McFarland allegedly began running the ticket scheme in late 2017 - just months after his June 2017 arrest for defrauding Fyre Media investors out of $24 million.
McFarland, 26, sold fake tickets to exclusive events, including the Met Gala and Coachella, for several months while he was awaiting sentencing for charges related to the Fyre Festival, according to the Federal Bureau of Investigation and U.S. Attorney's Office for the Southern District of NY. An attorney for McFarland did not immediately respond to Variety's request for comment.
Billy McFarland was rearrested Tuesday and charged with earning $100,000 by selling fake tickets to exclusive fashion, music and sporting events through NYC VIP Access, a company he controlled. He also said one of McFarland's colleagues, cooperating with prosecutors, was framing him.
Attendees at Fyre Festival in the Bahamas were promised a luxurious, private party, but instead found themselves eating bread and cheese sandwiches under a tent.
Brendan McDermid / Reuters Billy McFarland (left) sold almost $100,000 worth of fraudulent tickets in the several months since he's been free on bail, according to federal prosecutors.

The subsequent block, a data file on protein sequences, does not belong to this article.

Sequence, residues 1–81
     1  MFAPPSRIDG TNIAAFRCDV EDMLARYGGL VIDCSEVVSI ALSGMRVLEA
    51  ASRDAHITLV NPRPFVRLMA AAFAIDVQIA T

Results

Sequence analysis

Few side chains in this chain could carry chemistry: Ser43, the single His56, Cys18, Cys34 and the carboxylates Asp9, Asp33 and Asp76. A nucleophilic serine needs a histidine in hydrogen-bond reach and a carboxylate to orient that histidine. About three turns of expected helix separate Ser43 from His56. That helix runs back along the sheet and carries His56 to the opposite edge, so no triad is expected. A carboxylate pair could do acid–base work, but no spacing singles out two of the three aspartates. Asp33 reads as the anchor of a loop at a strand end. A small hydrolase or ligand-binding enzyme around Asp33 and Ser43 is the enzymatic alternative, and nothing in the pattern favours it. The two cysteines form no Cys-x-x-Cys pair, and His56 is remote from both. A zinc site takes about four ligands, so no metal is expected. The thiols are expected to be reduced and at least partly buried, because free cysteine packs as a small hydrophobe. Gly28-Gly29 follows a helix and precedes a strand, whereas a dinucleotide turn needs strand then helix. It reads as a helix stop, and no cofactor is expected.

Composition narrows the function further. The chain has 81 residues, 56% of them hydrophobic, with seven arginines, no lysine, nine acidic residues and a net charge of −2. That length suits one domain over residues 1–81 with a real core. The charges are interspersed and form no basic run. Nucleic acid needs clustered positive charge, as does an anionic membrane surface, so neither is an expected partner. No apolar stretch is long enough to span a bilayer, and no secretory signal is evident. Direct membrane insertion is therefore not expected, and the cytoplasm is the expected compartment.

"We vigorously contest what is in this complaint", his lawyer Randall Jackson told the judge.
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Greenberg said McFarland was living lavishly with monthlong stays in luxury hotels and excursions to expensive restaurants. Both carry sentences of up to 20 years in prison.
"The weight of the evidence here is quite strong", Greenberg said.
After that collapse, Fyre co-founder Billy McFarland was charged with wire fraud and intentionally making false statements to banks.
Earlier this year, he pleaded guilty to wire fraud as well as lying to investors.
"Mr. McFarland is a serial fraudster, plain and simple", Greenberg told Gorenstein.
For his latest scam, McFarland reportedly made $100,000 United States dollars selling these new bogus tickets through NYC VIP Access, a company he controlled.